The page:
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Ohio reduces allowable lead levels in children's blood by half; 7,600 children expected to have elevated levels

Blood lead levels

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(NaturalNews) Lead poisoning is the greatest environmental threat to children, according to the Ohio Department of Health, which recently announced plans to reduce the safety threshold for lead in children's blood. The state is following the U.S Centers for Disease Control and Prevention's (CDC) lead on taking lead poisoning more seriously.

In 2012, the CDC updated their federal recommendations regarding blood lead levels in children. Experts now use a reference level of 5 micrograms per deciliter to identify children ages six and younger with lead poisoning, rather than the previous 10 micrograms.

For Ohio, the new standard could mean taking responsibility for treating 7,600 kids that have what are now considered elevated lead levels in their blood, according to a report by The Columbus Dispatch. Using the 5 micrograms per deciliter measurement, about 1,500 children are considered to have high levels of lead in their blood.

Under new CDC standard, number of Ohio children with elevated lead levels in their blood quintuples

Young children exposed to even low levels of lead can suffer serious and lasting health effects, including lower IQs, ability to pay attention and academic achievement, according the CDC.

"The state statute requires us to follow the CDC guidance," said John Belt, field-services section administrator for the Ohio Healthy Homes and Lead Poisoning Prevention Program.

The city of Columbus is also expected to independently enforce the new standard, which according to the CDC, is intended to serve as a preventive measure, reducing and even eliminating dangerous sources of lead before the problem worsens.

"We will definitely be following state guidelines," said Jose Rodriguez, spokesman for Columbus Public Health.

Exactly which program will be used to treat the number of new cases, which has grown fives times larger than it previously was, is unknown. However, some believe that the city's lead-abatement program could provide oversight.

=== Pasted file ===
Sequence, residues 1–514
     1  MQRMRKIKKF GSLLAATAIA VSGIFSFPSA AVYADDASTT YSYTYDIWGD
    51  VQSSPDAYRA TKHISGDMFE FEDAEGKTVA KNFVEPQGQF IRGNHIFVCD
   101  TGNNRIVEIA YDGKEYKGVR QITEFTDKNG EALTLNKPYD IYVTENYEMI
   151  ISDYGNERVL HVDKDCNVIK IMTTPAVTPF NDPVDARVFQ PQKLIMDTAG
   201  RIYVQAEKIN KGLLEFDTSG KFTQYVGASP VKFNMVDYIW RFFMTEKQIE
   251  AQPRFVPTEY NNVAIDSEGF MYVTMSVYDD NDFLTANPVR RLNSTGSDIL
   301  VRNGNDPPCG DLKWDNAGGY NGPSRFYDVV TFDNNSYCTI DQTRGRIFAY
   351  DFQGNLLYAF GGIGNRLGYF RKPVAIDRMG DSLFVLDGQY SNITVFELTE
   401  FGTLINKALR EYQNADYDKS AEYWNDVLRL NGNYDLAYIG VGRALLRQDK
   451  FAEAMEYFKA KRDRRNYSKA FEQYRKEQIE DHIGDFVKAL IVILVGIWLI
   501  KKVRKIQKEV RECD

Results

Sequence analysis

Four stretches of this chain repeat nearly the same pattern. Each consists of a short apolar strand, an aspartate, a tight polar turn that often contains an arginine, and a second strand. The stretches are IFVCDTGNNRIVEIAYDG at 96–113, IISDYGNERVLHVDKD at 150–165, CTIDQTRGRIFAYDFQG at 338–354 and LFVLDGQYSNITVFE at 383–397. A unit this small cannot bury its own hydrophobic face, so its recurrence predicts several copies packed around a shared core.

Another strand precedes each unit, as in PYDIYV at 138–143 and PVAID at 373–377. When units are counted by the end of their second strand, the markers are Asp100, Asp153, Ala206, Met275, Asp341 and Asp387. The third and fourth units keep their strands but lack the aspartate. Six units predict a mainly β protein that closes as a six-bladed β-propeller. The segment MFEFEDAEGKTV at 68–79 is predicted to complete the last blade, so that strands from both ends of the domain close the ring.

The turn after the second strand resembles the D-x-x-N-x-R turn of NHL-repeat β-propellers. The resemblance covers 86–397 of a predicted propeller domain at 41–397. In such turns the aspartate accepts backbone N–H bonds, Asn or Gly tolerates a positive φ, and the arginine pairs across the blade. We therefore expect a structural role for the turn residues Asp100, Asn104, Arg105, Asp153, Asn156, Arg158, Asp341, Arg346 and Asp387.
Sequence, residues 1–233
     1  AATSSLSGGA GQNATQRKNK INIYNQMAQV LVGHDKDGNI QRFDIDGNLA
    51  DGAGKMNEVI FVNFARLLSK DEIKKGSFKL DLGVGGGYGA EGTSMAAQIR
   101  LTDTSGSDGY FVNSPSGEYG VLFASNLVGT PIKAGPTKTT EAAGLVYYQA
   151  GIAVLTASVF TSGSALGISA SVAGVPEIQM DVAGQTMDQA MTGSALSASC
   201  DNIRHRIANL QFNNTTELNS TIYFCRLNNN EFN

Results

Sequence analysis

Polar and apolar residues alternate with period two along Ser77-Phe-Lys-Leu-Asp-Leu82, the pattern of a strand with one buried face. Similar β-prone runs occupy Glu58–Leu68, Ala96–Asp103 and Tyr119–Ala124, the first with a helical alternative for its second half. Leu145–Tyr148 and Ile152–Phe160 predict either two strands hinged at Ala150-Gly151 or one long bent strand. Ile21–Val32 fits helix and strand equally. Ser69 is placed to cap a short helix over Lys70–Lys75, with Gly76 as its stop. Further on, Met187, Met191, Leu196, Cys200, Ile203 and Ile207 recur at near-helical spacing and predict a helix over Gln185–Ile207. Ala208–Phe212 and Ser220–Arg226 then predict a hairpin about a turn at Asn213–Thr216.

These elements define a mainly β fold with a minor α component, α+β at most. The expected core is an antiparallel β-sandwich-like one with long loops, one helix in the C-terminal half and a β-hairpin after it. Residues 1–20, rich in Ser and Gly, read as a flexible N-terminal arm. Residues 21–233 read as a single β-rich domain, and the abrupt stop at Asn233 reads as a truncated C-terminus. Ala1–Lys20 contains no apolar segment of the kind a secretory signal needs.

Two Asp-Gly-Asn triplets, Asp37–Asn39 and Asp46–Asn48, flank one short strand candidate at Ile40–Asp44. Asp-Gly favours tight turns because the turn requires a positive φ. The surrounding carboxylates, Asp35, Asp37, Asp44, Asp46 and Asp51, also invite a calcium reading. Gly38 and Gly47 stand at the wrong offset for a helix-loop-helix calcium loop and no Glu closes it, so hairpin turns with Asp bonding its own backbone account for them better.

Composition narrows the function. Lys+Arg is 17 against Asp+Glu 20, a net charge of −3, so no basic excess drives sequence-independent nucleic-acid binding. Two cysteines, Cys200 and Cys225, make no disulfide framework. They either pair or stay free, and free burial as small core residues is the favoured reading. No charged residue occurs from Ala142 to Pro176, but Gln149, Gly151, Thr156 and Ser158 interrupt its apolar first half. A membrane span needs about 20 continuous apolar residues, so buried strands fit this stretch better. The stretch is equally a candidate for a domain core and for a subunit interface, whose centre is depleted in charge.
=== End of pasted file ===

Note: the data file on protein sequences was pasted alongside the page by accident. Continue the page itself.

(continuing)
Ohio receives millions in federal aid to curb lead exposure in low-income families

Under the revised lead threshold, Ohio says it plans to contact families with children who have elevated lead levels in their blood and ask questions about their living conditions before advising them on the proper steps to take.

Columbus recently received $3.5 million in federal funding to address lead in 250 homes where low-income families reside, adding to the 513 housing units that have been made "lead-safe" since 2007.

Another $400,000 in federal grants is expected to be allocated to the state's Healthy Homes Program, a project tasked with "building healthy homes awareness" through inspectors hired to test for lead-tainted homes as well as for other hazards such as mold.

"We see it as a great opportunity to provide additional assessments for the city of Columbus to identify hazards for people who live in those homes," said Luke Jacobs, the environmental-health section chief for Columbus Public Health.

The state program reportedly also works with homes outside of the city, teaching families about the dangers of elevated lead levels and offering advice for how to clean lead-tainted buildings.

Although lead paint was banned in 1978, many facilities, homes and other buildings still have lead contamination from the old paint, or improper cleaning following renovations.

Nearly 200,000 Columbus homes are believed to still have lead paint, according to Kim Stands, the city's housing administrator, who acknowledges that the lower standard means a lot more work for the city's lead-abatement program.

An estimated 2.5 million Ohio homes were built before 1950, with about 90 percent of them having lead paint. From 1950 to 1978, an additional 1 million homes were built, and about 40 percent of those are believed to contain lead paint.









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